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The Hungarian banking system has entered the current complex and challenging period with a stable, strong capital position and substantial liquidity buffers. In a turbulent economic environment, credit risks have increased further, particularly in energy price sensitive portfolios.
The sector’s resilience to shocks is adequate and its liquidity and capital position are robust even in a much more severe crisis scenario than currently projected. In a rising interest rate environment and war-induced uncertainty, we expect a slowdown in credit growth dynamics in both the corporate and household segments, reports the Hungarian Central Bank (MNB).
Rising inflation, the European energy crisis, and deepening geopolitical tensions are the main drivers of international economic developments. The protraction of the war between Russia and Ukraine is having a significant impact on the performance and financial stability of the European Union economy. Extremely high energy prices are reducing household disposable income and imposing a heavy cost burden on businesses. The increase in inflation risks has led many central banks to tighten their asset purchase programs and interest rate conditions. Banks in Europe need to prepare for a combination of challenges, with the European Systemic Risk Board (ESRB) issuing a warning.
The deteriorating economic environment is also negatively affecting the domestic economy and poses a material risk to portfolio quality. The non-performing loan ratio has moved slightly away from its historical low, standing at 4.2 percent in the residential segment and 3.9 percent in the corporate sector at the end of the half-year. The highly vulnerable loan portfolio represents a manageable level of risk for the banking system.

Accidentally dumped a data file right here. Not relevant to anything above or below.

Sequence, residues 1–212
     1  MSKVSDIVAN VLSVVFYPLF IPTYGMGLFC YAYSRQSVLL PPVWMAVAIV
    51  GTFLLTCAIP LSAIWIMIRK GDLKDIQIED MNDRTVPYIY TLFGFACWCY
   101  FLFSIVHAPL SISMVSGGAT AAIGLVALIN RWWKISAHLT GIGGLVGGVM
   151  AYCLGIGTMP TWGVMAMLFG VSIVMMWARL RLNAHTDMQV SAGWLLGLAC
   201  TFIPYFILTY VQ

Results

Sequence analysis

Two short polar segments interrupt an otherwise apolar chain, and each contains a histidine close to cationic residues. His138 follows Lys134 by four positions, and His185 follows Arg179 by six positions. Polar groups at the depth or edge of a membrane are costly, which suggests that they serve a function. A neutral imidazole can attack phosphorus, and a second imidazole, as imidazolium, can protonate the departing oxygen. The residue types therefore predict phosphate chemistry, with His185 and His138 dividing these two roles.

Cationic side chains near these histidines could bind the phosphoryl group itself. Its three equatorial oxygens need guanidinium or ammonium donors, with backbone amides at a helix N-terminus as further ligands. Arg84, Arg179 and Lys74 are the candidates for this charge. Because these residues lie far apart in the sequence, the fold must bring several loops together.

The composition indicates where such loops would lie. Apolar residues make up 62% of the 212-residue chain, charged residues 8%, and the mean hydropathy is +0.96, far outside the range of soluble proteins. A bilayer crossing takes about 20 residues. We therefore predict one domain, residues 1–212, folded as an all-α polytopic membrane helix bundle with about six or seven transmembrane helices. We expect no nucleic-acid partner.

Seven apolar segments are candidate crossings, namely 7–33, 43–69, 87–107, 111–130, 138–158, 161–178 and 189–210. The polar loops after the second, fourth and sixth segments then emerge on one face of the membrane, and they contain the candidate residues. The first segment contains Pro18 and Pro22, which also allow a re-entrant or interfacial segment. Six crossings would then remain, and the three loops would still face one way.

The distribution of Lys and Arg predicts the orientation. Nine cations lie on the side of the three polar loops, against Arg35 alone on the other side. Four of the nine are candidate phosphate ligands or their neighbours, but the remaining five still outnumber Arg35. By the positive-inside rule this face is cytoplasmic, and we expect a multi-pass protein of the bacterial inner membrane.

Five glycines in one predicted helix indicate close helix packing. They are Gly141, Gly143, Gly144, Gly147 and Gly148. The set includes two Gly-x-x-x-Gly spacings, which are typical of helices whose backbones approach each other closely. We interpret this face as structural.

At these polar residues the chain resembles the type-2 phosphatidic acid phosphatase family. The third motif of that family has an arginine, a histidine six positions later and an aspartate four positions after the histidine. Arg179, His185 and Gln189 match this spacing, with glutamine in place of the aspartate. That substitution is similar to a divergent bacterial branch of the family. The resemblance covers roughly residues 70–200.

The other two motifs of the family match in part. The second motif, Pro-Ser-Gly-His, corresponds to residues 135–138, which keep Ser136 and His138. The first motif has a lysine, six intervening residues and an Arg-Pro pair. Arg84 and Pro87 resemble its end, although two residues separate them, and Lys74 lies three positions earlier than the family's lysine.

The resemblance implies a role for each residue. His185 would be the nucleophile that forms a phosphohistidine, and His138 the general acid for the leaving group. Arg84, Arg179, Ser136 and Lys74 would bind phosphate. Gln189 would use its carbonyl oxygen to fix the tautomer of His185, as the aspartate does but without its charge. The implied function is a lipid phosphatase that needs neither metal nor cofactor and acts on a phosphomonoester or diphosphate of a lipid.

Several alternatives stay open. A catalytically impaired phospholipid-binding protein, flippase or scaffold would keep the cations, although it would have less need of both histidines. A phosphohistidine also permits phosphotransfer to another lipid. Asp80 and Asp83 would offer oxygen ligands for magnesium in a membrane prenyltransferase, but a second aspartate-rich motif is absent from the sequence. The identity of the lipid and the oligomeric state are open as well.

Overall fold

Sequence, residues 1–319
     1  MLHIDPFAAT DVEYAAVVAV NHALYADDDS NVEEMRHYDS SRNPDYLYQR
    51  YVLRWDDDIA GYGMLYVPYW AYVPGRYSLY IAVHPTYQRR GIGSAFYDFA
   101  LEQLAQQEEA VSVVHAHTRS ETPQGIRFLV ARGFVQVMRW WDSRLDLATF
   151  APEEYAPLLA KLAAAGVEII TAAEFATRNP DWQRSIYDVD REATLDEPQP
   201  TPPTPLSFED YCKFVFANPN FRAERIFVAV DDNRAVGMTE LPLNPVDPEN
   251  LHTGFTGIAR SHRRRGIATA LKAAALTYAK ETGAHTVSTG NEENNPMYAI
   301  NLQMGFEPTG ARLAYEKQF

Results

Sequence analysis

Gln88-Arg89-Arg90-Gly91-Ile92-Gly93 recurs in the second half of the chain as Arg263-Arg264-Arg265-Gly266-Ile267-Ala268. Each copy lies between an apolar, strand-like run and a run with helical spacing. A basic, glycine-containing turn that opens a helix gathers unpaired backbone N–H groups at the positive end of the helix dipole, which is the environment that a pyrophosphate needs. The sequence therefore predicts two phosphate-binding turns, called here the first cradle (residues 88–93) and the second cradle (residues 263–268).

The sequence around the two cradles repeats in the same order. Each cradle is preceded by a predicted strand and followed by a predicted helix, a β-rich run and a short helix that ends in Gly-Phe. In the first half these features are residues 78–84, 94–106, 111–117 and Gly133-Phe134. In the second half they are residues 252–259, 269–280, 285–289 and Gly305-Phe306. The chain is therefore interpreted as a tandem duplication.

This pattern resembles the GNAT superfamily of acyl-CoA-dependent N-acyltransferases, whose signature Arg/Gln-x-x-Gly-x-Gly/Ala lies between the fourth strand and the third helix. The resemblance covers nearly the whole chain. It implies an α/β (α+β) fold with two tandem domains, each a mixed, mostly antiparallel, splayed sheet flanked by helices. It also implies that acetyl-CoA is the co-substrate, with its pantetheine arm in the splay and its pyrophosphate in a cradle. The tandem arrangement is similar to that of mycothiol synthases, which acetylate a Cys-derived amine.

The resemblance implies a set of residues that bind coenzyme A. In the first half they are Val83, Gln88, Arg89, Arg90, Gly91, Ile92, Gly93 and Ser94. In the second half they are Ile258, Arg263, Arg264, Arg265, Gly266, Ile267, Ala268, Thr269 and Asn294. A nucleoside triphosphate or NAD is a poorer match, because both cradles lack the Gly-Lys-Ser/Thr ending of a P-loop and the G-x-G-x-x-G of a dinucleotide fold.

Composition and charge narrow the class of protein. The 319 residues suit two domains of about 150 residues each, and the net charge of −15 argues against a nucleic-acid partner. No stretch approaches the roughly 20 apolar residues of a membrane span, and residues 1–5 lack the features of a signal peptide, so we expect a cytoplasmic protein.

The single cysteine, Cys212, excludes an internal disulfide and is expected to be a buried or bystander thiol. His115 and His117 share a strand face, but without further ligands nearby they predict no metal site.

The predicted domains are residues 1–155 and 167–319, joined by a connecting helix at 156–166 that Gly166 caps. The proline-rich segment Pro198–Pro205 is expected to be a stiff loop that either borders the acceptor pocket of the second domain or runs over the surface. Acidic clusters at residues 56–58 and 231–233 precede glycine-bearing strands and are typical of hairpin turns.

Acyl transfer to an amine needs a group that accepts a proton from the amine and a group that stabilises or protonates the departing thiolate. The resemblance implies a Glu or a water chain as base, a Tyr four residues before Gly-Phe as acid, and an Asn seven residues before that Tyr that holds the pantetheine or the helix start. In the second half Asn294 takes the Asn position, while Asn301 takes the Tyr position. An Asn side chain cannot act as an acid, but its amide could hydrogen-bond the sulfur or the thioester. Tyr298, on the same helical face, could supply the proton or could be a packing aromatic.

Government measures will significantly reduce the profitability of the banking system this year and next. In the first half of 2022, the credit sector achieved a net profit after tax of HUF 200 billion (540 million euros) on an unconsolidated basis, which means that the return on equity fell from 10 to 7 percent. The decline in profitability and the contraction of capital replacement opportunities could lead to a reduction in lending capacity in the medium term.
The resilience of the Hungarian banking system is strong, with substantial capital and liquidity buffers coming into the current period of complex challenges. Although banks’ liquidity buffers have tightened slightly, they still have ample reserves. The banking sector would still be able to meet regulatory requirements in the event of a significant liquidity shock. The consolidated capital adequacy ratio of the banking system declined to 18.5% by the end of the semester, reflecting a strong resilience to shocks, as even in the most severe and protracted stress scenario, only a temporary, manageable capital shortfall would arise at the sector level.
Household and corporate borrowing from financial institutions is expected to moderate. Private sector credit growth has been dynamic in the first half of 2022. Looking ahead, higher interest rates and operating costs, as well as increased uncertainty, will lead to a decline in investment loan demand. There has been a significant increase in foreign currency loan issuance in the corporate loan market, but most of these borrowers have foreign currency exposure. Retail credit issuance slowed in the third quarter after a strong first half of the year. The rising interest rate environment and higher house prices are expected to lead to a decline in demand for housing loans. In the next half of the year, the vast majority of banks plan to tighten conditions on both retail and corporate loans, and we expect a correspondingly substantial decline in the annual growth rate of outstanding loans.
via MNB, Featured image: Pixabay